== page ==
How to Make Ribbon Bows for Dogs

by Mary Lougee, Demand Media
    Bow-tie-style ribbon bows are generally for topknots.

    Bow-tie-style ribbon bows are generally for topknots.

    Groomer’s bows, though cute, can be expensive. You can make your own ribbon bows for topknots and ears for just pennies apiece and in just a few minutes. Make several bows to keep your pooch looking freshly groomed.

    Items you will need

    • Grosgrain ribbon (5/8-inch wide)
    • Ruler
    • Scissors
    • Cigarette lighter
    • Needle and thread
    • Groomer’s elastic
    • Hot glue gun
    • Toothpick
    • French barrette
    • Bow embellishments (buttons, rhinestones)

    Bow Tie Bow

    Step 1

    Measure and cut your grosgrain ribbon to double the desired finished width plus 1 inch. For example, to make a 2-inch-wide bow you will need 5 inches of ribbon.

    Step 2

    Hold the ribbon in one hand close to one end. Light a cigarette lighter and quickly pass the flame back and forth at the end. Heat-seal the other end of the ribbon in the same manner. This seals the cut ends of the ribbon so it will not fray.

    Step 3

    Cut a 12-inch length of thread, thread a sewing needle and tie both ends in a knot. Pick up the ribbon and hold it right side up. Fold both loose ends underneath and overlap them by 1 inch to form a loop. Hold the ends in place with one hand. Press the top center of the loop down onto the bottom folded ends of the loop.

    Step 4

    Insert the needle and thread from the bottom center of the bow upward through the overlapping ends and through the top of the bow. Pull the thread tightly and wrap it over the top of the bow. Pinch the top center of the bow to make a fold from top to center. Wrap the thread around the back of the bow, underneath it and up to the front bottom. Pinch the bottom edge into the middle. Wrap the thread tightly one more revolution around the center of the bow ending in the rear. Pass the needle through the thread in the back, form a loop, insert the needle in it and pull the end tight to tie it in a knot.

    Step 5

    Cut a 1-inch length of grosgrain ribbon. Cut the ribbon in half lengthwise and lay it wrong-side up on a table. Center the thread area of the bow right-side down on the ribbon.

    Step 6

    Place a groomer’s elastic on the rear center of the bow. Wrap one of the two loose ends of the small ribbon to the back of the bow with the groomer’s elastic inside. Place a dot of hot glue on the ribbon, pull the other end over to overlap it and press it in place.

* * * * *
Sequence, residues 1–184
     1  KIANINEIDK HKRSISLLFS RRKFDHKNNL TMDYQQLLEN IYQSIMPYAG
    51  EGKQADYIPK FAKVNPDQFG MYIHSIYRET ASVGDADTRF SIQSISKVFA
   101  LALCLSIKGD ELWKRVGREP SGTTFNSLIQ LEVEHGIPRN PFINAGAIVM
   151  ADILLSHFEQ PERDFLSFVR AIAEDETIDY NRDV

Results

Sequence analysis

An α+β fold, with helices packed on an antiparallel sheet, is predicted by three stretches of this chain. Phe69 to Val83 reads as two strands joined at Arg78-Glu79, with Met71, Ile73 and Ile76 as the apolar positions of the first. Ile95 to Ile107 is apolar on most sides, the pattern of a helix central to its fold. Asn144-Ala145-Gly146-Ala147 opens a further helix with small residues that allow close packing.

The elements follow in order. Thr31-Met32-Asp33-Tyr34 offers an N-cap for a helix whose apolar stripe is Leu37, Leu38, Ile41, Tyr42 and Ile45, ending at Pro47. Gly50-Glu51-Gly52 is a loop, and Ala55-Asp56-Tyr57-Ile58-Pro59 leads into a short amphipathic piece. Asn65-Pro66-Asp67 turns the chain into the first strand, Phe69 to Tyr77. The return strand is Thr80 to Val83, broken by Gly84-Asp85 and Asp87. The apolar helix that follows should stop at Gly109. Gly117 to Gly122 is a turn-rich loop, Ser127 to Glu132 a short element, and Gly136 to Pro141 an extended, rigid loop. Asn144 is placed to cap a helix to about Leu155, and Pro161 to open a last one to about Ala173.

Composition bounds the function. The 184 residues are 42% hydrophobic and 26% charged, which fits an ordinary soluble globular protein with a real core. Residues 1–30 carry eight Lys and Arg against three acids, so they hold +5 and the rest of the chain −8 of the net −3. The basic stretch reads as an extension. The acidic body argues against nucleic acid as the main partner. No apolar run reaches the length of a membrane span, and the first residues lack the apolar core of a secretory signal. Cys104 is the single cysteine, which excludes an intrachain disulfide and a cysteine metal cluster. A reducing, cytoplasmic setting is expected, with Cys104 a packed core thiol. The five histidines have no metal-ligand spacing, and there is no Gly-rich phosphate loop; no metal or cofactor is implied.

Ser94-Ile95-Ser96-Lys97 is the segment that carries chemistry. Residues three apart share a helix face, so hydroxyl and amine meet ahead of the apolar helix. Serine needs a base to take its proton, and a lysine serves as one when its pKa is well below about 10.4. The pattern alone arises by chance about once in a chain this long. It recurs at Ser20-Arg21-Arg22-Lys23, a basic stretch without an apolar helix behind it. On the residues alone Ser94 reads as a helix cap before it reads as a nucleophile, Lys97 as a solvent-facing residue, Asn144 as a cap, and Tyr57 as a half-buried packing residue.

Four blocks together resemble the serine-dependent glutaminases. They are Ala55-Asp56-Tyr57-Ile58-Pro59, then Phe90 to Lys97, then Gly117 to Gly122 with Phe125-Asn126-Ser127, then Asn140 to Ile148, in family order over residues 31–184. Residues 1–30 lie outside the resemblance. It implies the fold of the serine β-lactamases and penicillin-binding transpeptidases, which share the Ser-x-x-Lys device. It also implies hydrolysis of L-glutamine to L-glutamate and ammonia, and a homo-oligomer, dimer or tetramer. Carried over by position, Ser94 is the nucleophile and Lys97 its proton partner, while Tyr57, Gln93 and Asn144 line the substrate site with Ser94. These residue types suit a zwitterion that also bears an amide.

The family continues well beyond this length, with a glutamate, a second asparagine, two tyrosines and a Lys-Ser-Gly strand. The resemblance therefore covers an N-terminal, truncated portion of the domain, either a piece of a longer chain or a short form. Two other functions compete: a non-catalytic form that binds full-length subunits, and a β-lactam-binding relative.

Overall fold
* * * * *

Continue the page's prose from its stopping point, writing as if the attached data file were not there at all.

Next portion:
Flat Bows

    Step 1

    Measure and cut grosgrain ribbon to twice the width of your finished bow.

    Step 2

    Fold the two ends together and pinch the opposite end to make a crease. This marks the center of the ribbon.

    Step 3

    Lay the ribbon wrong-side up on a table. Apply a thin line of hot glue on the crease. Fold both ends of ribbon into the center in the glue. Press the ends down into the glue with a toothpick and hold them in place for a minute or so.

    Step 4

    Make additional pieces of ribbon in the same manner, with each one 1/4-inch smaller than the one before, for a layered or stacked bow.

    Step 5

    Place the largest bow right-side up on a table. Apply a dot of hot glue to the center and press the next-smallest bow on top of it. Attach each smaller layer to the bow in the same manner.

    Step 6

    Apply a dot of hot glue to the center of the bow and press an embellishment into it, such as a rhinestone or button.

    Step 7

    Turn the bow face down on a table, open a French barrette and glue it to the back center.

    Tips

    • Experiment with different widths of ribbon for topknots or ear bows. Ear bows are generally smaller so as not to overwhelm your pooch.
    • Keeping your dog’s hair up and away from her eyes can prevent eye irritation.

    Warning

    • If your dog is new to wearing bows, watch her carefully so she does not pull them out and eat them.

    About the Author

    Mary Lougee has been writing since 2004 and specializes in pets with publications in "Modern Dog" and "Pet Planet." Lougee gained extensive pet knowledge and expertise in care and rehabilitation, built a farm, and cares for rescue animals from small to large. She holds a bachelor's degree in management.

    Photo Credits

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